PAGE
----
The terms “nucleic acid molecule encoding”, “DNA sequence encoding”, and “DNA encoding” refer to the order or sequence of deoxyribonucleotides along a strand of deoxyribonucleic acid. The order of these deoxyribonucleotides determines the order of amino acids along the polypeptide chain. The DNA sequence thus codes for the amino acid sequence.
Nucleic acid is “operably linked” when it is placed into a functional relationship with another nucleic acid sequence. For example, DNA for a presequence or secretory leader is operably linked to a DNA encoding a polypeptide if it is expressed as a preprotein that participates in the secretion of the polypeptide; a promoter or enhancer is operably linked to a coding sequence if it affects the transcription of the sequence; or a ribosome binding site is operably linked to a coding sequence if it is positioned so as to facilitate translation. Generally, “operably linked” means that the DNA sequences being linked are contiguous and, in the case of a secretory leader, contiguous and in reading phase. However, enhancers do not have to be contiguous. Linking is accomplished by ligation at convenient restriction sites. If such sites do not exist, then synthetic oligonucleotide adaptors or linkers are used in accord with conventional practice.
The terms “replicable expression vector” and “expression vector” refer to a piece of DNA, usually double-stranded, which may have inserted into it a piece of foreign DNA. Foreign DNA is defined as heterologous DNA, which is DNA not naturally found in the host cell. The vector is used to transport the foreign or heterologous DNA into a suitable host cell. Once in the host cell, the vector can replicate independently of the host chromosomal DNA, and several copies of the vector and its inserted (foreign) DNA may be generated. In addition, the vector contains the necessary elements that permit translating the foreign DNA into a polypeptide. Many molecules of the polypeptide encoded by the foreign DNA can thus be rapidly synthesized.
In the context of the present invention the expressions “cell”, “cell line”, and “cell culture” are used interchangeably, and all such designations include progeny. It is also understood that all progeny may not be precisely identical in DNA content, due to deliberate or inadvertent mutations. Mutant progeny that have the same function or biological property as screened for in the originally transformed cell are included.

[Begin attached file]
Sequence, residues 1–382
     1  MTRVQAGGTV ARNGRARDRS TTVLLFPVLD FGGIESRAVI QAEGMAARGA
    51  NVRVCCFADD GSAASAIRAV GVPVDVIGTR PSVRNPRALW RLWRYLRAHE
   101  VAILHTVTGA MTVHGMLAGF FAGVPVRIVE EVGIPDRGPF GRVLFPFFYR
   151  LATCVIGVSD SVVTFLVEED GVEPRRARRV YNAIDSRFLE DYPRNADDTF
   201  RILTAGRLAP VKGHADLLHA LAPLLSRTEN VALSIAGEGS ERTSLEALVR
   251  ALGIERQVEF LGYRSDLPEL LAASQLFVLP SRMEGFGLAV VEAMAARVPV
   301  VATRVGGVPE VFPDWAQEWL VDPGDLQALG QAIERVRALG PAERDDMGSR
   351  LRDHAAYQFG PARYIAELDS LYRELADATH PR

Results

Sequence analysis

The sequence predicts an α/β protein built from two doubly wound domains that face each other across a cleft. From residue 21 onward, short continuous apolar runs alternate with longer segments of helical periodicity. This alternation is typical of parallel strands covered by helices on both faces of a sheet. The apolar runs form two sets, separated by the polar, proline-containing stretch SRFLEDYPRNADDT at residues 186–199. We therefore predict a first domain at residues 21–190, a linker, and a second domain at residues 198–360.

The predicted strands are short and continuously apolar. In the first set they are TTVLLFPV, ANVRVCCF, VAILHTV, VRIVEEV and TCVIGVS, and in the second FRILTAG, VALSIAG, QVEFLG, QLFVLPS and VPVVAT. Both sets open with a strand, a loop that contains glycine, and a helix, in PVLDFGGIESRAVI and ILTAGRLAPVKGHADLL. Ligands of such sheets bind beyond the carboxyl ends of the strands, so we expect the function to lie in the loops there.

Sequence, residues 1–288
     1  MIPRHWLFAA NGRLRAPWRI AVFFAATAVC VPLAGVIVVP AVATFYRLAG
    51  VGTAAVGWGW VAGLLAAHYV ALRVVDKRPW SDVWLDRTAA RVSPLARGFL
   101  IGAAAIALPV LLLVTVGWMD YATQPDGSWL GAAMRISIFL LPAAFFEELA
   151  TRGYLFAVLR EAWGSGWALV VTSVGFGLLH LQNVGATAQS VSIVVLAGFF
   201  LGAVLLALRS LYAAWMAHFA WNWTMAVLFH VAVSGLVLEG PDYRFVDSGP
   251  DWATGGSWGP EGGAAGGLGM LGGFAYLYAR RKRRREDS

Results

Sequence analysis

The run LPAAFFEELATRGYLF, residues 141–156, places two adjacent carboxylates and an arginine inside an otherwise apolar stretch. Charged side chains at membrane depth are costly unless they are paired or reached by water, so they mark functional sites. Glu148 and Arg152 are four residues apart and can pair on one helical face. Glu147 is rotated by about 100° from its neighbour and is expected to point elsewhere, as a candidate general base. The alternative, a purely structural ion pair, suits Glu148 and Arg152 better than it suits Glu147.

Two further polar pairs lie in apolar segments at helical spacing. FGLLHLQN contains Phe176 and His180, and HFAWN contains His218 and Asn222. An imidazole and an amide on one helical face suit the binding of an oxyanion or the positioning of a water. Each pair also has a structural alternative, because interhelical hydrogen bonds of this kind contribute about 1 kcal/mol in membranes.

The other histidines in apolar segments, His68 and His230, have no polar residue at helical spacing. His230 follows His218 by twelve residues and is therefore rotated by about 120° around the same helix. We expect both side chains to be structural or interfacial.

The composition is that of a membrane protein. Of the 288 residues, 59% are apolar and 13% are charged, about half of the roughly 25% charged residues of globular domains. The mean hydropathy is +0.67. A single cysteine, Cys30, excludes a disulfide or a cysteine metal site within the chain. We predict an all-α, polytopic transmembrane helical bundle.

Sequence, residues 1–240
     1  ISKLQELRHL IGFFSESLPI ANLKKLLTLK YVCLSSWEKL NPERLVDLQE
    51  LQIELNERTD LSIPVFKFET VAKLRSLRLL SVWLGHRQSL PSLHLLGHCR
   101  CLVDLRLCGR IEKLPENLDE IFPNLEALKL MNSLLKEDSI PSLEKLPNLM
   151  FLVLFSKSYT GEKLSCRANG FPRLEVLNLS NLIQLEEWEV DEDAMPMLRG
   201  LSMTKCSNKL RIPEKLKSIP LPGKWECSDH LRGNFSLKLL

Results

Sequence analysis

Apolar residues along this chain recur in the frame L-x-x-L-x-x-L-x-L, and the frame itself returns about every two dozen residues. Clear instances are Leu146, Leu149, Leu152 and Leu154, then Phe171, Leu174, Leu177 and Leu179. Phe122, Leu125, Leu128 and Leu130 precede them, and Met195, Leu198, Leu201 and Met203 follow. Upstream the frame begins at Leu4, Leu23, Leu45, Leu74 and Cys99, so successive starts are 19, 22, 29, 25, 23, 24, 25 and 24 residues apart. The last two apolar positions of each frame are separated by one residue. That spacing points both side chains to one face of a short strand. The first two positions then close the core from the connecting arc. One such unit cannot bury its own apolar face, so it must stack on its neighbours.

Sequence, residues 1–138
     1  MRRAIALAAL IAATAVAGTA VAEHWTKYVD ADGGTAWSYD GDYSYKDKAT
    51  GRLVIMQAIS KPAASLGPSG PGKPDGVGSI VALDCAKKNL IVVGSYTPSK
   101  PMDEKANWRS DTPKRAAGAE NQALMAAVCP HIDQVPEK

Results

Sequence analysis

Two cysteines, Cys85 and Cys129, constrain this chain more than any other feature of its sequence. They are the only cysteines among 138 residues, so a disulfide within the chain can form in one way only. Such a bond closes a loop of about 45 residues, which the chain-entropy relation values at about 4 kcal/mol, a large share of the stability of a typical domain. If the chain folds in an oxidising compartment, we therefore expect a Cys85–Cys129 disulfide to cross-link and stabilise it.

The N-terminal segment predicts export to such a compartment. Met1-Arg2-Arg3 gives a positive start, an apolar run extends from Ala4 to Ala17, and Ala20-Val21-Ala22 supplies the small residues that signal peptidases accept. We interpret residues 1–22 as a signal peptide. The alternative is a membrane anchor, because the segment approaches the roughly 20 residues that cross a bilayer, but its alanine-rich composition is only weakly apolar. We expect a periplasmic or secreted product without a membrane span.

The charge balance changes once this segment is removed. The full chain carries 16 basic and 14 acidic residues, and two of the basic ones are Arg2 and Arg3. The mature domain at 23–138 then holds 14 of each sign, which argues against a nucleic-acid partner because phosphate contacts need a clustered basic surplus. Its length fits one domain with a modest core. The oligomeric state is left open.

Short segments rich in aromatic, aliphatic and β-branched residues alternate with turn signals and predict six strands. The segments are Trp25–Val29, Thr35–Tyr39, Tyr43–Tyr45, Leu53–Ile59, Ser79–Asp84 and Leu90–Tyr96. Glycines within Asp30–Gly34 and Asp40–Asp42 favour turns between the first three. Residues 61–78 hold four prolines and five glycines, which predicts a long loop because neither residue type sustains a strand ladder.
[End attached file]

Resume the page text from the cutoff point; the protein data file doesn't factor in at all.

“Transformation” means introducing DNA into an organism so that the DNA is replicable, either as an extrachromosomal element or by chromosomal integration.
“Transfection” refers to the taking up of an expression vector by a host cell whether or not any coding sequences are in fact expressed.
The terms “transformed host cell” and “transformed” refer to the introduction of DNA into a cell. The cell is termed a “host cell”, and it may be a prokaryotic or a eukaryotic cell. Typical prokaryotic host cells include various strains of E. coli. Typical eukaryotic host cells are mammalian, such as Chinese hamster ovary cells or human embryonic kidney 293 cells. The introduced DNA is usually in the form of a vector containing an inserted piece of DNA. The introduced DNA sequence may be from the same species as the host cell or a different species from the host cell, or it may be a hybrid DNA sequence, containing some foreign and some homologous DNA.
“Oligonucleotides” are short-length, single- or double-stranded polydeoxynucleotides that are chemically synthesized by known methods [such as phosphotriester, phosphite, or phosphoramidite chemistry, using solid phase techniques such as those described in EP 266,032, published 4 May 1988, or via deoxynucleoside H-phosphanate intermediates as described by Froehler et al., Nucl. Acids Res. 14, 5399 (1986)]. They are then purified on polyacrylamide gels.